Yesterday’s blueberry galette used an egg wash around the edges to make the crust brown nicely and the sugar stick. Some people will use milk, but we find that egg really works best. The downside is that you only use a little bit of an egg, leaving you with a small bowl of beaten egg. If you’re hungry, you can just cook it up into a small omelette or a bit of scrambled egg, but, if not, what to do?
As we mentioned in yesterday’s post, we made up a batch of pasta dough, wrapped it in plastic, and placed it in the refrigerator to shape today. Now, we could just make linguine by running it through our pasta machine, but we thought that we’d try our hand at making cavatelli. We saw the technique on this great video and just had to try it, figuring that, if it works, we’ll have a cool little pasta shape we can make just about anywhere. Plus, you can make this shape, too. No pasta machine needed.
- Batch of fresh pasta dough, rested and ready to roll.
- Gnocchi board, or other ridged surface, such as a sushi mat (optional)
- Knife or bench scraper
This shape is super easy to make, so you can probably get everyone making it, and you’ll be able to shape several pounds of pasta in a few minutes — we were able to shape a half-pound of dough in under 10 minutes. Plus, it looks as if a professional made it. Really.
Shaping cavatelli consists of three simple steps: Make ropes or snakes from the pasta dough. Cut the snakes into little pillows. Roll the pillows under your thumb to shape.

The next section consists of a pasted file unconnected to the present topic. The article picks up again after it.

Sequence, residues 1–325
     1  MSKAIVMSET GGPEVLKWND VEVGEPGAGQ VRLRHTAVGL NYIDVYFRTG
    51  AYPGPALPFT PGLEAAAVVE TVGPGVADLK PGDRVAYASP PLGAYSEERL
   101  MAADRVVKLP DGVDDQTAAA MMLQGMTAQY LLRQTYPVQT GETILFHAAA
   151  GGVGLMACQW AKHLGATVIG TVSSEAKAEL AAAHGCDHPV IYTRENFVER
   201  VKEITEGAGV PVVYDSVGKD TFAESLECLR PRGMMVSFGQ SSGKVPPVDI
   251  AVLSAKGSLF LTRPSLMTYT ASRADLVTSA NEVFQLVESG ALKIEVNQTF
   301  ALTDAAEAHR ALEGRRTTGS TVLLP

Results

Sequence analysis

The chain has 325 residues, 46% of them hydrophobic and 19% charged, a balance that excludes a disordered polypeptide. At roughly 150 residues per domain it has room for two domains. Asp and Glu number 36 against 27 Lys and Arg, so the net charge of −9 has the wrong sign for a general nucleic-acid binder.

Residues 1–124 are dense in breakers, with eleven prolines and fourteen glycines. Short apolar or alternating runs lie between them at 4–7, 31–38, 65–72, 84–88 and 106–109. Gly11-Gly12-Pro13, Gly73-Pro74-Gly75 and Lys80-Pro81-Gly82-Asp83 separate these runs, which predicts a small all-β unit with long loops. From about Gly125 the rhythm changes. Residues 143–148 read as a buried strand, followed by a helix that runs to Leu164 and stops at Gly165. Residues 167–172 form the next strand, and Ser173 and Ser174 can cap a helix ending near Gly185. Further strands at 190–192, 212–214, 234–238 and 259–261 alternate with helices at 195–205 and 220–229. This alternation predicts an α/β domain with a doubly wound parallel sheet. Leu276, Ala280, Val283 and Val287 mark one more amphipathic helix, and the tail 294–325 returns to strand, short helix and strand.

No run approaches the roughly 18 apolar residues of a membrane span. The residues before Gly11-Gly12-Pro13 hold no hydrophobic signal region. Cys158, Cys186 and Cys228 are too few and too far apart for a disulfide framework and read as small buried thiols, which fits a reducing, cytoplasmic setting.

Make snakes. Cut off a chunk of dough about 1/2-inch wide and simply roll it out on the counter with the palms of your hands to form a rope of dough about 1/4-inch in diameter. Yep, roll it out just the way you did as a child, using clay to make a coil pot. See, so simple a child can help.
Make pillows. Use a knife or a bench scraper to cut the rope into pieces about 1/2-inch long. The pressure of the knife will squeeze the edges out a bit, and the center will puff up, making the pieces look like little pillows. If you use a bench scraper, it doesn’t have a sharp edge, so, once again, you can put your child to work.
Roll. This looks far trickier than it is. Place a pillow of dough on your ridged surface, and, using your thumb, press down and roll the piece of dough away from you. You want to press down fairly hard so the pasta dough gets pressed out to about 1/8-inch thick and the ridges form. If you don’t have a ridged surface, you can just use the counter and you’ll have smooth cavatelli. They’ll taste just as good. Once shaped, place on a clean towel on a rack until you’re ready to boil them. We did a lot of photos so you can see the whole process.
Unlike the trofie we made earlier in the week, this is a really, really easy shape, and, when they’re finished, it looks as if a professional pasta maker ran up these babies. Since they’re so easy, it took about 10 minutes to shape a half-pound of dough, even though we were stopping to take pictures. We think that by focusing on the task at hand, a person could shape half a pound of dough in about 5 minutes. Think about that. It takes 10 minutes to mix and knead the pasta dough, 30 minutes to rest, 5 minutes to shape, and 4 minutes to boil. That means it’s about 19 minutes of real work (you’re not doing anything while the dough’s resting) to get fresh home-scratched pasta on the table, which is just a few minutes longer than with the boxed stuff at the store. And, we can assure you, fresh pasta is far, far better than dried (or even those sealed packets of “fresh” pasta, which might have sat on the shelves for months — don’t believe us, check the expiration dates). Fives all around for a shape that even kids can make.